Full-field scores from the Emirates Australian Open


    Round of the day: Herbert followed an opening 67 with a round of 66 to vault himself into the lead at The Australian Golf Club. He made six birdies, including four on his second nine, against a lone bogey to take the outright lead. The 22-year-old, who held the lead at this event last year and captured low-amateur honors in 2014, is coming off a runner-up finish at the NSW Open Championship, which boosted him from 714th to 429th in the Official World Golf Ranking. His 5-under score was matched by Dale Brandt-Richards and Josh Cabban.

    Best of the rest: Matt Jones, who won this event over Jordan Spieth and Adam Scott two years ago, turned in 4-under 67. Jones is best known to American audiences for his playoff victory at the 2014 Shell Houston Open and for holding the 36-hole lead at the 2015 PGA Championship at Whistling Straits, which was eventually won by Day. Jones will start the weekend five shots off the lead, at 4 under par.

    Biggest disappointment: Spieth has a lot of work to do this weekend if he expects to be in the title picture for the fourth year in a row. Rounds of 70-71 have him eight shots behind the lead held by Herbert. Spieth made a birdie and a bogey on each side Friday to turn in level par. The reigning champion golfer of the year has finished first, second and first at this event over the last three years.

    Storyline to watch this weekend: The Australian Open is the first event of the 2018 Open Qualifying Series. The leading three players who finish in the top 10 and who are not otherwise exempt will receive invites into next summer’s Open Championship at Carnoustie.

    Ogilvy urges distance rollback of ball

    By Golf Channel DigitalNovember 23, 2017, 8:49 pm

    Add Geoff Ogilvy to the chorus of voices calling for a distance rollback of the golf ball.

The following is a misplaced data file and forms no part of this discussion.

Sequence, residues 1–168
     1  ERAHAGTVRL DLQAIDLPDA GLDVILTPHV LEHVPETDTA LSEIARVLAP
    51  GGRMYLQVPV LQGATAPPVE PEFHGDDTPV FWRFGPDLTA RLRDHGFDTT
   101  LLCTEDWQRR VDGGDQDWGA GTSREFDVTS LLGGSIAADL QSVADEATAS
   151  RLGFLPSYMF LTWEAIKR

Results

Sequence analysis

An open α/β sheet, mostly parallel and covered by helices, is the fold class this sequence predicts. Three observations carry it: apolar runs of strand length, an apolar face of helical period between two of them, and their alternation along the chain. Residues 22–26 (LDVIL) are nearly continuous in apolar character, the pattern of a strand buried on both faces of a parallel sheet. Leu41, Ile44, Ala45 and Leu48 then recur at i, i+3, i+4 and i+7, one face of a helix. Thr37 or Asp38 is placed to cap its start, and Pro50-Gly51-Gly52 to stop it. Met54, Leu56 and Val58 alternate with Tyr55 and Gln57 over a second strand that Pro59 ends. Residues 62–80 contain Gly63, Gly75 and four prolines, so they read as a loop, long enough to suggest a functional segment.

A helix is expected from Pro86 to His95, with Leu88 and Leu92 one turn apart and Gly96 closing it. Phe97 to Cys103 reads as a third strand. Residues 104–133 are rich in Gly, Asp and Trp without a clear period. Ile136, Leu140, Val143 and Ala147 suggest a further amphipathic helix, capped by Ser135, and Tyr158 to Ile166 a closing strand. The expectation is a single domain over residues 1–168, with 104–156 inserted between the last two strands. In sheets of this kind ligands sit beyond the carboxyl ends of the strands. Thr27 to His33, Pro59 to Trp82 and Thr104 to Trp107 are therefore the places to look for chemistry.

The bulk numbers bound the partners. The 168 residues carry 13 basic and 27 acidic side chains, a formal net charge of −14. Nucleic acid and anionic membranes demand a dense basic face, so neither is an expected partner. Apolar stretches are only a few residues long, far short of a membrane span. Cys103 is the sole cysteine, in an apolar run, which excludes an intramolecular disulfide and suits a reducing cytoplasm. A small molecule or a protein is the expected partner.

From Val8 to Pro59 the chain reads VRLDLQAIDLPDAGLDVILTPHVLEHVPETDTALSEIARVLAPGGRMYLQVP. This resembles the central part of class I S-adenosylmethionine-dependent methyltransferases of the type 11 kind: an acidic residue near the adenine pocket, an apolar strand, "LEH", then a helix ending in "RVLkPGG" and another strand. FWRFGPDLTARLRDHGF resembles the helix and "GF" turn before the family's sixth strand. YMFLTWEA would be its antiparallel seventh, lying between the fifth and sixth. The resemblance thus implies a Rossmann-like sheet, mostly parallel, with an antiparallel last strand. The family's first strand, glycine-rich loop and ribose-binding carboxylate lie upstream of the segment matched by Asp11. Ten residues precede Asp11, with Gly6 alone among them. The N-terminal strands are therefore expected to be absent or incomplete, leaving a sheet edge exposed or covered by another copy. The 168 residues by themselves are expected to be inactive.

In an interview before the start of the Emirates Australian Open, Ogilvy said a "time-out" is needed for governing bodies to deal with the issue.

    "It's complete nonsense," he said, according to an Australian website. "In my career, it’s gone from 300 yards was a massive hit to you’re a shorter hitter on tour now, legitimately short. It’s changed the way we play great golf courses and that is the crime. It isn’t that the ball goes 400, that’s neither here nor there. It’s the fact the ball going 400 doesn’t makes Augusta work properly, it functions completely wrong.’’


    Full-field scores from the Emirates Australian Open


    Ogilvy used an example from American baseball to help get his point across to an Australian audience.

    “Major League Baseball in America, they use wooden bats, and everywhere else in baseball they use aluminium bats,’’ he said. “And when the major leaguers use aluminium bats they don’t even have to touch it and it completely destroys their stadiums. It’s just comedy.

    “That’s kind of what’s happened to us at least with the drivers of these big hitters; We’ve completely outgrown the stadiums. So do you rebuild every stadium in the world? That’s expensive. Or make the ball go shorter? It seems relatively simple from that perspective.’’

    Ogilvy, an Australian who won the 2006 U.S. Open, said he believes there will be a rollback, but admitted it would be a "challenge" for manufacturers to produce a ball that flies shorter for pros but does not lose distance when struck by recreational players.

    The golf world celebrates Thanksgiving

    By Golf Channel DigitalNovember 23, 2017, 6:01 pm

    Here's a look, through social media, at how the golf world celebrates Thanksgiving.

    Lexi Thompson:

    Baking time!!

    A post shared by Lexi Thompson (@lexi) on

    David Feherty:

    Jack Nicklaus:

    GC Tiger Tracker:

    Steve Stricker:

    Golf Channel:

    Frank Nobilo:

    Ian Poulter:

    Tyrone Van Aswegen:

    Happy Thanksgiving: Biggest turkeys of 2017

    By Grill Room TeamNovember 23, 2017, 3:00 pm

    Thanksgiving brings us golf's biggest turkeys of the year. Donald Trump, Grayson Murray and a certain (now-former) tournament director headline the list. Click here or on the image below to check out all the turkeys.